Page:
The next shoemaking workshops will take place at Green Shoes in Buckfastleigh, Devon, on 25 September, 30 October and 20 November. A one-day course costs £175, and a two-day bootmaking course is £350. Visit greenshoes.co.uk, call 01364 644036, or email firstname.lastname@example.org for more information.
More traditional British shoemakers
Bill Bird Shoes
Bespoke leather footwear for people with fitting and walking difficulties, handmade in the Cotswolds.
Handmade leather footwear and bags, designed and made to order in Teignmouth, Devon.
Handmade leather shoes made to order in Totnes, Devon.
Vegan shoes, handmade to order in the north-east of England.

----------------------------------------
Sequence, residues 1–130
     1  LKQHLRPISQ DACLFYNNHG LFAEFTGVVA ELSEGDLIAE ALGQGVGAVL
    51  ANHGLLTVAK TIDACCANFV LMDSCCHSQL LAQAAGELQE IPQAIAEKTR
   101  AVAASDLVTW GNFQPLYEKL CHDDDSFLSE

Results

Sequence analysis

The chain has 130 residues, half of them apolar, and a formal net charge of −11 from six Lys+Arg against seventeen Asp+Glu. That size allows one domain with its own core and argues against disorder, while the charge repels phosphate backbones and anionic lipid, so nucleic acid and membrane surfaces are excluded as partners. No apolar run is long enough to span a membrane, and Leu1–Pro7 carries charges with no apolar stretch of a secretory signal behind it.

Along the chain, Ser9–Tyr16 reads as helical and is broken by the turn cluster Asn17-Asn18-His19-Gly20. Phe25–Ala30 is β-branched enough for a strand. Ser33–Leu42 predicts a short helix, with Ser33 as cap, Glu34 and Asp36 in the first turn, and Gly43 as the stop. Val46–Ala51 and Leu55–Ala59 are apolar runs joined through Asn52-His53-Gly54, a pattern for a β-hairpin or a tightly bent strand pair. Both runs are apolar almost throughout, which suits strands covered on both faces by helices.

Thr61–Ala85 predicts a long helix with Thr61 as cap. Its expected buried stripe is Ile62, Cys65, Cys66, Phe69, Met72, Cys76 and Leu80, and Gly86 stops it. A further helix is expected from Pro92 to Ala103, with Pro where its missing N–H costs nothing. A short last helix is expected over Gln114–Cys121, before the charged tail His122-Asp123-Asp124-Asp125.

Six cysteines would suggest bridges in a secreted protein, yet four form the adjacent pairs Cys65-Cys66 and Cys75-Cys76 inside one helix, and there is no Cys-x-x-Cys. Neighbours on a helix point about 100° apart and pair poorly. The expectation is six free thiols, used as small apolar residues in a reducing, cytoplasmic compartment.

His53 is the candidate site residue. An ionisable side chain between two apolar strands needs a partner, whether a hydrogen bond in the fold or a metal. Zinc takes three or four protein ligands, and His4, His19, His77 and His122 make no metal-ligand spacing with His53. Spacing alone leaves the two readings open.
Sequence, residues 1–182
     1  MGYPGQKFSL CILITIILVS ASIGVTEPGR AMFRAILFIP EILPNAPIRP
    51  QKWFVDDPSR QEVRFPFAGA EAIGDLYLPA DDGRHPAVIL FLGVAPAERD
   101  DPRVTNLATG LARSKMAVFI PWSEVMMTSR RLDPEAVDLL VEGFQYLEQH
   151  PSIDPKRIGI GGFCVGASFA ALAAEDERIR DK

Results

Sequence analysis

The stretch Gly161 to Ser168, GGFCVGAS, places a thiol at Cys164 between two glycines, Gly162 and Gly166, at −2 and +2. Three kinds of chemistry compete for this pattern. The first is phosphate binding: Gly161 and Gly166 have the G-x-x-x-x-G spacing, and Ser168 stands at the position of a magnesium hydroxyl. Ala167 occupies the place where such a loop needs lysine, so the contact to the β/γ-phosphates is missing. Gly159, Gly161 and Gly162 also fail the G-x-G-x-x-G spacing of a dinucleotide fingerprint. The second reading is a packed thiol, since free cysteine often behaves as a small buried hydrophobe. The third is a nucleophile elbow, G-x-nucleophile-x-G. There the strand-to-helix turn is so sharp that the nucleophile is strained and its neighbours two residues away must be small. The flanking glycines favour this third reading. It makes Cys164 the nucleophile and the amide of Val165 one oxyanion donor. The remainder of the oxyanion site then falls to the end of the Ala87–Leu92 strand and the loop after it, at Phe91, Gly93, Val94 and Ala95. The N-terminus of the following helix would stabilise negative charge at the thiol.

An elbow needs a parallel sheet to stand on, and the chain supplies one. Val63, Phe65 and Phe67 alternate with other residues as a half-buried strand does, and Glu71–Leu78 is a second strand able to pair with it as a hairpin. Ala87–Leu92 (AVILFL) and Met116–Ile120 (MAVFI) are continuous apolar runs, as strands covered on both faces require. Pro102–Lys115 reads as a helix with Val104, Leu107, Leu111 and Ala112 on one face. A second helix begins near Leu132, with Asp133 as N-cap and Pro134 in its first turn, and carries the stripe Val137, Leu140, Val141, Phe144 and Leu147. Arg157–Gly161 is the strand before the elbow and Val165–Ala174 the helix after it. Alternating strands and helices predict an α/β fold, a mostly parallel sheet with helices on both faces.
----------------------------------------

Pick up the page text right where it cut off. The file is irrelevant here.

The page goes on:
Shoes and clogs made by hand in a small, family-run workshop in Scotland.
James Taylor & Son
Handmade shoes from English oak bark-tanned leather.
Made-to-measure, handsewn men's shoes from British and Italian leather.
Traditional British clogs and leatherwork, handmade in Stockport.
Handmade in the north-east by a small family business.
• Additional research by Niamh Griffin
A crash course in shoemaking
Printable Iron-On Transfers
Once upon a time Nick Jr introduced a Wubbzy craft called a No-Iron
Gardening Apron. The design was simple enough and the instructions came
with a printable sheet of iron-on transfers. I haven't been able to
track down the new location of the craft but, thankfully, the iron-on
transfer sheets are still available. The iron-on transfer paper can
be found in stationery shops or bought online and can be used in most
There wasn't any Wubbzy clothing in the UK when the show first started
over here, and my little girl just adored Wubbzy. I decided to use the
transfers to decorate some of her other clothing. The first item to get